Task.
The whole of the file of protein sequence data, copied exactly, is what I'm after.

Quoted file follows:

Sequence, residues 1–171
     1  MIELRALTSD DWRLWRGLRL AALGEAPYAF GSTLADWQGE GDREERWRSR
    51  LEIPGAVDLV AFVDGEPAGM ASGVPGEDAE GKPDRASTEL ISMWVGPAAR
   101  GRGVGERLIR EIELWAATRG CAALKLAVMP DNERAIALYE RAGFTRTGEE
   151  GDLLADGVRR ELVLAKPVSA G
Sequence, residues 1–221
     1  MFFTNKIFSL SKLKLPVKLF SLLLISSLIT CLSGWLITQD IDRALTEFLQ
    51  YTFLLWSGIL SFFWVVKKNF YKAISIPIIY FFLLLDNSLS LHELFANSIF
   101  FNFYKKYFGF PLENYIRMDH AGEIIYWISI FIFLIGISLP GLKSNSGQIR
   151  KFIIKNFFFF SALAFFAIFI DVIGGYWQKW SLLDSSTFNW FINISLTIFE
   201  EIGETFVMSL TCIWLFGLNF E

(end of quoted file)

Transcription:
Sequence, residues 1–171
     1  MIELRALTSD DWRLWRGLRL AALGEAPYAF GSTLADWQGE GDREERWRSR
    51  LEIPGAVDLV AFVDGEPAGM ASGVPGEDAE GKPDRASTEL ISMWVGPAAR
   101  GRGVGERLIR EIELWAATRG CAALKLAVMP DNERAIALYE RAGFTRTGEE
   151  GDLLADGVRR ELVLAKPVSA G
Sequence, residues 1–221
     1  MFFTNKIFSL SKLKLPVKLF SLLLISSLIT CLSGWLITQD IDRALTEFLQ
    51  YTFLLWSGIL SFFWVVKKNF YKAISIPIIY FFLLLDNSLS LHELFANSIF
   101  FNFYKKYFGF PLENYIRMDH AGEIIYWISI FIFLIGISLP GLKSNSGQIR
   151  KFIIKNFFFF SALAFFAIFI DVIGGYWQKW SLLDSSTFNW FINISLTIFE
   201  EIGETFVMSL TCIWLFGLNF E